Similarly, if the government taxes someone for £100 , then the government is £100 richer but there’s £100 subtracted from the private economy (+£100 for government, -£100 for everybody else on the diagram).

So what implications does this kind of bookkeeping have for the overall economy? It means that if the government goes into surplus, then everyone else has to go into debt.

We tend to think of money as if it is a bunch of poker chips already lying around, but that’s not how it really works. Money has to be created. And money is created when banks make loans. Either the government borrows money and injects it into the economy, or private citizens borrow money from banks. Those banks don’t take the money from people’s savings or anywhere else, they just make it up. Anyone can write an IOU. But only banks are allowed to issue IOUs that the government will accept in payment for taxes. (In other words, there actually is a magic money tree. But only banks are allowed to use it.)

There are other factors. The UK has a huge trade deficit (blue), and that means the government (yellow) also has to run a deficit (print money, or more accurately, get banks to do it) to inject into the economy to pay for all those Chinese trainers, American iPads, and German cars. The total amount of money can also fluctuate. But the real point here is, the less the government is in debt, the more everyone else must be. Austerity measures will necessarily lead to rising levels of private debt. And this is exactly what has happened.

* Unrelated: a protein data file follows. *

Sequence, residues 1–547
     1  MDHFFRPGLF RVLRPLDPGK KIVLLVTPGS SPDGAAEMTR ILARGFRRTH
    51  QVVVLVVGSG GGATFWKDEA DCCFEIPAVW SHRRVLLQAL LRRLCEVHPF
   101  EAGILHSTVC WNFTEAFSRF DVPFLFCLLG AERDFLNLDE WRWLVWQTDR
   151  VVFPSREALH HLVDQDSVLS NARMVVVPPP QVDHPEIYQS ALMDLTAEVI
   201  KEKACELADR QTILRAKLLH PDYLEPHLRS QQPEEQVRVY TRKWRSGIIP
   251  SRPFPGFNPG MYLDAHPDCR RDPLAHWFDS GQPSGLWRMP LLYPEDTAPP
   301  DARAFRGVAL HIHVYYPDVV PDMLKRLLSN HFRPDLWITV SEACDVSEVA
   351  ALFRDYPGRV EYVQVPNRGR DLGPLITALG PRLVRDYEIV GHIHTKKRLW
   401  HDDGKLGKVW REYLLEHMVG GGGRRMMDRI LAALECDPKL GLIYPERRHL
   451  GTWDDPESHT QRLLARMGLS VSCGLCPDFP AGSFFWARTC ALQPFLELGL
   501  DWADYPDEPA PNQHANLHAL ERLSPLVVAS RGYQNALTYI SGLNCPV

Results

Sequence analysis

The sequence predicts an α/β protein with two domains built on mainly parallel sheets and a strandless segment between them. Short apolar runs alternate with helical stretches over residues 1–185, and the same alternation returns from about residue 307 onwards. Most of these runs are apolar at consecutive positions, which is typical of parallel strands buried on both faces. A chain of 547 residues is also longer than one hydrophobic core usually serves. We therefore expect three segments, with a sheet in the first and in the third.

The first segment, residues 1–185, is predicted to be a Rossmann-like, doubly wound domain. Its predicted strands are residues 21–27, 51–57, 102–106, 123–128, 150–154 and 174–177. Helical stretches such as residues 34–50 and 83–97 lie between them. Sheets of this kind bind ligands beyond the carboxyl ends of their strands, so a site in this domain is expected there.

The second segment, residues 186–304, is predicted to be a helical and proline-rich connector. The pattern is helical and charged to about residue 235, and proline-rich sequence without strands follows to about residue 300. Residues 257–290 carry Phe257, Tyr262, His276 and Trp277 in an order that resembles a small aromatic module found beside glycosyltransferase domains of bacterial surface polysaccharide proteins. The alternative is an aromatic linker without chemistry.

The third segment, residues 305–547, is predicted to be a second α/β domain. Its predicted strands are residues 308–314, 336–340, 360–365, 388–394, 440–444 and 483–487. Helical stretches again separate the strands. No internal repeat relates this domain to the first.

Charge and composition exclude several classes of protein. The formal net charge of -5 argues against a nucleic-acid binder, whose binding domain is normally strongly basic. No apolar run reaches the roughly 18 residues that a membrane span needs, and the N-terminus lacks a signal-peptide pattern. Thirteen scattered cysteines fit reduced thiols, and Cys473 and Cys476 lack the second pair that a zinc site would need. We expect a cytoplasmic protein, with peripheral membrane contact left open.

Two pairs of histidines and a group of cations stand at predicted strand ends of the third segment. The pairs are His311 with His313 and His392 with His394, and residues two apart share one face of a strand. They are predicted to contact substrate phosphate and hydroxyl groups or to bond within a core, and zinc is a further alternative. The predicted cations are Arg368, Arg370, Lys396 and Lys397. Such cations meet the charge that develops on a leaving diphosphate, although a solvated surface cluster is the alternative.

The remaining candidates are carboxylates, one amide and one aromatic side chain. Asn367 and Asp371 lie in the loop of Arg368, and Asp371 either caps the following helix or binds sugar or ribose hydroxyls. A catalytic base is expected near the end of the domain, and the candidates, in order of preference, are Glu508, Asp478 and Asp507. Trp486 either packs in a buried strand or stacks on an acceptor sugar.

Now, if this seems to have very little to do with the way politicians talk about such matters, there's a simple reason: most politicians don’t actually know any of this. A recent survey showed 90 per cent of MPs don't even understand where money comes from (they think it's issued by the Royal Mint). In reality, debt is money. If no one owed anyone anything at all there would be no money and the economy would grind to a halt.